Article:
Archive for October, 2006

Good for them

Monday, October 30th, 2006

ADBASE has become a member of the PLUS coalition. Good for them. Yes, they are joining a group that connects them with their target market, but they are also helping out a group which may change (some might say “save”) the photo industry. It’s a great pairing.

Regardless of whether you are an ADBASE user or not, supporting PLUS is a great idea. Check ’em out (both of them) at PhotoExpo.

I’m back!

Monday, October 30th, 2006

What a great trip! The people in the twin cities are absolutely lovely, kind, smart, and funny. At least the creatives I met there were. The fine leaders of ASMP-MSP can definitely hold their heads up–they run their organization’s events well and made me feel comfortable and appreciated. I’ll be recommending to some of my speaker friends that they consider speaking for that group. No question.

Thanks to everyone who made it possible for me to be there, including the sponsors (ADBASE, AsukaBook, Livebooks, Workbook, Minnesota Creative Source) and all the volunteers who helped out.
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The travel was fantastic as well. For those of you who do not know this about me, I don’t fly. Yes, that makes me a loon, but there’s never been any doubt about that. I took the train to Minneapolis-St. Paul…make that several trains.

I may be a loon, but I’m not alone in my preference to travel by train. I spoke with many fellow passengers and I did not meet a single person who also did not fly. Instead, several people said they chose the train because it was a much more pleasant way to travel. You don’t get strip-searched, you do get fed, and the service is great. Yes, it is slower and it’s not cheap, but you arrive at your destination relaxed and feeling energized, not stressed and compressed.

So what does this have to do with your business? Think about it. Airlines keep cutting back on service and struggle to stay afloat while Amtrak adds services to their existing trains and sees their revenue increase. In fact, they saw their greatest revenue increase in FY 2006–up almost 11%!

It’s not about being the cheapest or even the fastest–it’s about serving your clients. Figure out what their needs and wants are and cater to them. Don’t lower your prices, raise them, but make sure to give your clients great service for their money (and a great product too, of course).

The plague of “free”

Monday, October 23rd, 2006

Howdy from Minneapolis! My arrival here (I’m speaking tonight for ASMP-MSP) brought to mind something marketing-related (but then again, almost everything does that, in m head).

When was the last time you got something for free, really free? And when you did get it, did you value it? Not did you appreciate the gesture–did you value the object given for free? Probably not.

These days there are lots of things being called “free” that aren’t. For example, some condos are now offering “free” vacations or cars if you buy a condo. Those items aren’t free. You are paying for them, amortized over the life of your loan. But they look like their free. They are, in fact, no gift.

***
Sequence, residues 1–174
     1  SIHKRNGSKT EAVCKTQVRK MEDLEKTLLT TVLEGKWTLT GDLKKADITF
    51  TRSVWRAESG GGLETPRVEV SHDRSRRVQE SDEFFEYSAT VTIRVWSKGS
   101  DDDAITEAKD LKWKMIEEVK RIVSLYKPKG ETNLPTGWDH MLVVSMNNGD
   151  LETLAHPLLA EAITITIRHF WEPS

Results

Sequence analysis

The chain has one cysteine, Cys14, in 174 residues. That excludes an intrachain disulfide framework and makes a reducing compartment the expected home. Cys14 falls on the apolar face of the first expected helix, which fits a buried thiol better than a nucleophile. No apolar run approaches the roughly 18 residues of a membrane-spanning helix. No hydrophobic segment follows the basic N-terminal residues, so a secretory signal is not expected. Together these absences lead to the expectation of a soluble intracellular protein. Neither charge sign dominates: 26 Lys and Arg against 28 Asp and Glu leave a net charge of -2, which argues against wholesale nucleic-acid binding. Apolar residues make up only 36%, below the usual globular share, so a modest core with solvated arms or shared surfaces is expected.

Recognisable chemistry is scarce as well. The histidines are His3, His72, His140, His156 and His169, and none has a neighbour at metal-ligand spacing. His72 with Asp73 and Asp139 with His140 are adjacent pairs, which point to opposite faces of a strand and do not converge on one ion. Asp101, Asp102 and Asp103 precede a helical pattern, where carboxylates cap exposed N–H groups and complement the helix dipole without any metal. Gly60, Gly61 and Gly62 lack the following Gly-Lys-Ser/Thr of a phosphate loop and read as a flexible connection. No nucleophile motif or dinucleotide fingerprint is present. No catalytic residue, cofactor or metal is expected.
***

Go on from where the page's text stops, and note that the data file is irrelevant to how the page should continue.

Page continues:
My “free” cookie I got when I checked in to my hotel here in Minneapolis? Or the shampoos, etc.? It’s all figured into the hotel’s CODB for each guest–you can bet on it. Not free.

But even as “free” to me, do I value the cookie or the shampoo? Nope. Nice to have, but they add nothing to my trip. The fact that I have to sit in the lobby to get “free” wireless internet (or pay $9 to get wired in the room) completely wipes out the “warm-fuzzies” I got from those so-called “freebies.”

If you’re going to offer something “free,” figure it into your CODB and make it something your clients will value. Don’t go broke or reduce the value of your services by doing freebies–“give” in other ways like really cool tshirts or something.

And, importantly, make sure that you don’t wipe out the effectiveness of a “free” gesture by doing something to frustrate/annoy your clients…like not offering free wireless.

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Another note about my travel–I may not have internet access at all from 10/25-28. If you email me in that time, or post a comment (they are moderated for spam), don’t expect anything in reply until after that.

A quickie from the road…

Saturday, October 21st, 2006

Two things (posting from Portland en route to Minneapolis)…
First off, I did my good deed for the industry on the train Thursday. I met an amateur photographer who had started to get some of his images used commercially. I gave him my card, told him a bit about copyright and the evils of giving usage away, and suggested he read the Manuals on my site. He seemed like a very decent person who, I bet, will join the ranks of those who protect their rights.

Secondly, another good deed of sorts. This time from the Boy Scouts–a copyright “activity badge.” Now if they could just get past the anti-gay thing…

Hitting the road…er…rails

Wednesday, October 18th, 2006

Thursday morning, bright and early, I’ll be getting on the first of a series of trains, taking me to Minneapolis (and back, of course). I’m headed there to give my New Treatments for PMS (Panic Marketing Syndrome) presentation to the ASMP-MSP chapter, and to do individual consultations, of course.

One of the great things about taking the train is also one of the drawbacks–no internet. So, my postings will be few and far between, while I’m out of town. In fact, there are places where cell phones don’t even work. But the trade-offs are worth it.

There is something about slowing down, about watching the scenery pass, and about talking with people who have nothing more in common with you than being on a train, that gets the little grey cells moving. I find I get some of my best ideas while traveling via train.

And, at the very least, there is no body cavity search required before boarding.

So, if you’re in the Minneapolis-St. Paul area, come see me on the 23rd (and why not book a consultation for the 24th–call me at 619.961.5882 for that). For the rest of you, why not take some time for yourself and have a nice think. Maybe you’ll come up with a great promo idea or figure out a new creative project to pursue that’ll change your life.

What the Duck?

Monday, October 16th, 2006

There’s an online comic called “What the Duck” that’s all about a photographer-duck. Way-funny for those of us in the biz.

Nods to David Friedman who posted about this on the PDN forums.